I had an appointment first thing this morning to drop our car off for its annual inspection. Our repair shop is only a mile from home, and since Zak was off today (and all week for the holidays!) I was able to leave him home with the kiddos while I drove the car to the shop. I had a neighbor offer to follow me there and drive me home, but at the last minute I decided to use the opportunity for some early morning exercise and run home instead.
I went the long way home and covered about 3 miles in 30 minutes. The northeast was pounded with snow on Wednesday night/Thursday morning, this is the first major snowfall we’ve had since last winter. I’m only getting out to run about two days a week right now due to babies and late sunrises, but this morning I was reminded of the reasons I love to run in the winter, even when the sidewalks and streets are filled with snow.
* – these reasons aren’t necessarily specific to running – they still apply whether you like to walk, hike, skip, frolick… or whatever your preferred form of locomotion might be.
** – If your winters are warm, sunny, dry and absolutely delightful, then never mind any of this. (And ohbytheway, you suck.)
MY winters often look like this. Even though I started running in 2005, I didn’t start running all year round until 2008. It wasn’t until after my first winter of running had drawn to a close that I saw what was so great about running through the ice and slush and slop of the cold season.
If it’s not the snow on the ground that’s slowing you down then it’s the added gear and layers that add resistance and weight. I think of easy runs as my running foundation. In my book, easy = slow, and I would often forget to sometimes throw purposeful slow runs into the mix.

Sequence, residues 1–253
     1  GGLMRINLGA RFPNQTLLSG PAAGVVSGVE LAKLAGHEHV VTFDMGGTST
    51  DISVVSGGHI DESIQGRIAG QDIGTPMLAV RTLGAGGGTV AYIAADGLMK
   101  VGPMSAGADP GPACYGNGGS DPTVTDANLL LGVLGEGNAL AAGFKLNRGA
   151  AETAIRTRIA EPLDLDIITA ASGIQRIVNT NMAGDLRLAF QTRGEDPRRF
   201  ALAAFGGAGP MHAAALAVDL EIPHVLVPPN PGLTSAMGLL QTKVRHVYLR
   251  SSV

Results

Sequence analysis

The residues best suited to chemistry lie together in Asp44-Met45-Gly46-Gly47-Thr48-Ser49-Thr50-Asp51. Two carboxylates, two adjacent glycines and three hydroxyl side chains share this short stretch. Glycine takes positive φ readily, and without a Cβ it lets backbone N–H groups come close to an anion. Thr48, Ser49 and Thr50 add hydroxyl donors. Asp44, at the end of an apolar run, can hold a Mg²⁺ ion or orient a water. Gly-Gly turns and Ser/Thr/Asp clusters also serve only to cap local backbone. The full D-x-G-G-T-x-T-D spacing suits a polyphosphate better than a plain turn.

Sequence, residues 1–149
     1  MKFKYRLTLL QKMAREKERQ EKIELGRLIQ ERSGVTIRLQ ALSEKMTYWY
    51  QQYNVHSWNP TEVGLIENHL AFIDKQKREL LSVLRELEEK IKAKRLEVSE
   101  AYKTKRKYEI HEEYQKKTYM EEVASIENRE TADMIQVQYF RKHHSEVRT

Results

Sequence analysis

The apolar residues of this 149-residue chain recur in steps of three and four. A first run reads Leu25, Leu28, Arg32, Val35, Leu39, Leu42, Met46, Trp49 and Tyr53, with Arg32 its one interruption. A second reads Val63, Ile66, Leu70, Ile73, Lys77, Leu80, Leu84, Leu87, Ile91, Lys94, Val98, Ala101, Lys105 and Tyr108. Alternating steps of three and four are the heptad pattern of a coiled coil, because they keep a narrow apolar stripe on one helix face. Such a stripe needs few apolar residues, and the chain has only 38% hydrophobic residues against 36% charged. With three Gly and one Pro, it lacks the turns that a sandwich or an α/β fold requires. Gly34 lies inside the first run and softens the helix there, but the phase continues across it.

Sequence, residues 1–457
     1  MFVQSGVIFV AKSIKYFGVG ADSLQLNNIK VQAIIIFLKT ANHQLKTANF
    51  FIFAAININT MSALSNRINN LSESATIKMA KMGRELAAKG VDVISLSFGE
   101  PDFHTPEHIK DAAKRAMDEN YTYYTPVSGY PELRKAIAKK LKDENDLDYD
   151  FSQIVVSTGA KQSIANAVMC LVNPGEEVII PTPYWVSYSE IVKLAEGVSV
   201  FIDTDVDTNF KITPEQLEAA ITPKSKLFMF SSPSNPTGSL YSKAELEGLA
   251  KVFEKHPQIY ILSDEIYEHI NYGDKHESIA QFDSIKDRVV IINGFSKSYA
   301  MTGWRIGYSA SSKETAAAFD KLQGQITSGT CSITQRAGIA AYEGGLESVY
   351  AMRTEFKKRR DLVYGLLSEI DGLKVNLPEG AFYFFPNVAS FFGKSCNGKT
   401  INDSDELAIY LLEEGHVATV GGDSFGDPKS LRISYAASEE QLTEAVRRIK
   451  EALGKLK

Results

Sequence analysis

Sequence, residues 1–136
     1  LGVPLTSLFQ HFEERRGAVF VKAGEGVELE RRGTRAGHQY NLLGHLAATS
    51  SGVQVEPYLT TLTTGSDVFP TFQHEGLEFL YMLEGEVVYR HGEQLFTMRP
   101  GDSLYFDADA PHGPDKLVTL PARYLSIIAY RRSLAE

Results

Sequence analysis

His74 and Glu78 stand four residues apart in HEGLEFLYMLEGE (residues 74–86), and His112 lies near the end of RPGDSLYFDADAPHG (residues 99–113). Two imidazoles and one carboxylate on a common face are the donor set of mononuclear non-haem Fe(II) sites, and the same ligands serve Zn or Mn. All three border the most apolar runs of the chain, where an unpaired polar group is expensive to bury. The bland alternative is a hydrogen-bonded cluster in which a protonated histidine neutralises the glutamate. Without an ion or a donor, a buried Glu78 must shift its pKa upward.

If you aren’t very good at remembering either or haven’t yet discovered the joy of running slow, winter running can fix this for you. Even if you feel like you’re already a slow runner, that’s OK – use it as an excuse to run even slower. Get out there and run so slow that you need to cup one hand over your brow to avoid making eye contact with anyone you might pass on the street.
But it’s GOOD to run slower than usual sometimes! It helps you build the mileage base if you’re new to the sport. It gets you ready for more mileage if you want to start running further. You’re not completely wiped out for the rest of the day from an intense work out. High intensity work outs are great, but low intensity work outs can have their place in your workout regime too.
With less clothes on, I mean – in the late spring, summer and early fall. (Or at the gym on the treadmill.) The first time you get outside after a long winter of needing to wear two pairs of pants, two tops, a hat, gloves and whatever other gear you use to cover your various body parts, you aren’t going to believe how insanely fast you feel with just a pair of shorts and a t-shirt on when the warm weather returns.
I’ve got no studies to site or random internet articles to link to, so know this is purely conjecture – but I’m positive I’m waking up leg muscles that have been snoozing all summer when I work to maintain my balance on slick surfaces, jump up and over snow banks and/or ankle deep puddles of brown swamp water. Winter running has cross training built right in.
When it’s time to get ready for a snowy run, you look outside and think “Man, this is going to suck.” But then you get out there and do it, and soon you see that you do eventually warm up, it’s not as bad as you were expecting and in fact, it’s actually not that sucky at all!
THEN those feel good endorphins starts seeping into your brain (I feel a noticeable change in my mood at about the 30 – 35 minute mark) and not only are you thinking “this doesn’t suck!” but you are also thinking “Look at me out here! I’m doing it! I am a freaking ROCK STAR! I’m kicking ass and taking names later! All you people inside don’t know what you’re missing out here! As a matter of fact, you SUCK! I do not suck!”
Except no, don’t think that last part. If you come back and tell anyone that’s what you’ve been thinking while you’ve been out there slogging through the snow, they’re just just going to think you’re a running jackass. Then you’ll be sad and feel stupid and totally blow your runner’s high.
Alright, that’s what I’ve got. Are you a fair weather runner or do you try to get outside for some exercise all year round? What’s your favorite part? Do you have a bunch of snow in your back yard right now like we do? Is your car a month overdue for an inspection like mine was? (Shhhh!)